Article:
China's sole aircraft carrier Liaoning arrives in Hainan for mission
Beijing — China's sole aircraft carrier anchored for the first time in the country's southernmost province of Hainan on Friday, in a move analysts said greatly enhances the Chinese navy's combat capability in the South China Sea.
The Liaoning will conduct tests and training after anchoring at a naval port in Sanya, a PLA Daily website said.
The website said the large harbour at Sanya was designed and built by the Chinese navy and has the facilities to dock a variety of large vessels.
Zhang Junshe, deputy director of the Naval Military Studies Research Institute, said, "With the harbour built at Sanya, China has greatly expanded the range of its carrier in the South China Sea."
He said the voyage to Sanya will help the Liaoning's crew to get accustomed to the vessel's second base, where conditions such as the water temperature and depth are quite different to those in Qingdao, Shandong province, its home port.
Aside from Qingdao, the headquarters of the North China Sea Fleet, and the carrier base in Sanya, the Liaoning has only docked at the Dalian shipyard where it was built.
Escorted by two missile destroyers and two missile frigates, the Liaoning left Qingdao on Tuesday.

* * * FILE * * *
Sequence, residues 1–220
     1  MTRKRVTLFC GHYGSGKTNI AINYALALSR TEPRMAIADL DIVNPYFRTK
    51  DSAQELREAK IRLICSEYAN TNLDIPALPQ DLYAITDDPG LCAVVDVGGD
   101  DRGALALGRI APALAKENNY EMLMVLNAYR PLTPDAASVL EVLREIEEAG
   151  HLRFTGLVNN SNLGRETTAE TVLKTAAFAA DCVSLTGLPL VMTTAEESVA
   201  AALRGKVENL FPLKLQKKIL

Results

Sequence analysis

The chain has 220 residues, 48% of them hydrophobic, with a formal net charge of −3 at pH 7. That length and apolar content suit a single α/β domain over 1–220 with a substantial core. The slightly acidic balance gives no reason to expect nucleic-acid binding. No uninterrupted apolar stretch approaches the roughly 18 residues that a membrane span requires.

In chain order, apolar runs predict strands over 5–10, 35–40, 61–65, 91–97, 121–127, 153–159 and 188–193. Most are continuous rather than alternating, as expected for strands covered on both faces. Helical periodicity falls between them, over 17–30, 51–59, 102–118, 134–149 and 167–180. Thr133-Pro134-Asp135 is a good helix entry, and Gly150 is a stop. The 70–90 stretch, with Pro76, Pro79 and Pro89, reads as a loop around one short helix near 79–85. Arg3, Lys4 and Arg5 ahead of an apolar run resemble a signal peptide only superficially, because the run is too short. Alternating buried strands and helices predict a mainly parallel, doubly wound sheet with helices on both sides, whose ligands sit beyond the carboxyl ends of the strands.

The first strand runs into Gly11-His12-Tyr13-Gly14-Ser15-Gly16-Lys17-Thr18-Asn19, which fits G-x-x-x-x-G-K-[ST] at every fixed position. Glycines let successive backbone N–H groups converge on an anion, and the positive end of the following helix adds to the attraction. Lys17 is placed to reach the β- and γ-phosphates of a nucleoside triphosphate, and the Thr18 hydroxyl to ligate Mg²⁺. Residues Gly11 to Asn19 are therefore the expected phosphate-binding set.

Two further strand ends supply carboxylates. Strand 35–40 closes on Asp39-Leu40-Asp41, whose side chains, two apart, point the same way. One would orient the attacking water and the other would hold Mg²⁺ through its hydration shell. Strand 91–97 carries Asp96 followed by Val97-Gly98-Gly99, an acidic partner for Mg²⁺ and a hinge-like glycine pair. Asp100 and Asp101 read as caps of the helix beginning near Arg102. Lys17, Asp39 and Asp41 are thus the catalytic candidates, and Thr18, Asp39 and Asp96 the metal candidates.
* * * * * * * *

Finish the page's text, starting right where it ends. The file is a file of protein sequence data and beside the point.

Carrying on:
Before reaching Sanya, the vessels operated at high speed, day and night, in the Yellow Sea and East China Sea and passed through the Taiwan Straits on Thursday.
It is the first time the carrier has embarked on a cross-sea training voyage since being commissioned into the People's Liberation Army navy last year.
The Liaoning made several training voyages earlier this year, but had never embarked on a training voyage of such length.
The carrier's captain, Zhang Zheng, has said that tests in the South China Sea will pave the way for future missions.
Although the Liaoning did not pass near the Diaoyu Islands, where tensions are running high between China and Japan, the United States and Japan sent warships to follow the Chinese vessel closely.
Defence Ministry spokesman Yang Yujun said on Thursday the Liaoning's mission in the South China Sea is not targeted at any country.
Yin Zhuo, director of the Chinese Navy Information Expert Committee, said the South China Sea is an ideal area for the carrier's training mission and for its escort group.
A voyage of at least several weeks and up to two months in heavy seas will be crucial for a comprehensive test of the carrier's equipment, he said.
Zhang Junshe said it is understandable that the US and Japan have paid great attention to China's new carrier, but they need to get used to its existence.
Li Jie, a senior researcher at the Naval Military Studies Research Institute, said the US and Japan have exaggerated the combat capability of the Liaoning for their own purposes, such as expanding their naval forces.
"To tell the truth, the Liaoning lags far behind the 10 Nimitz-class aircraft carriers in the US. The gap will widen when the USS Gerald R. Ford begins service in 2016," Li said.
He added that it does not make sense for Washington to be nervous about the Liaoning's "normal" training voyage, as the US has highly advanced carriers deployed in the region.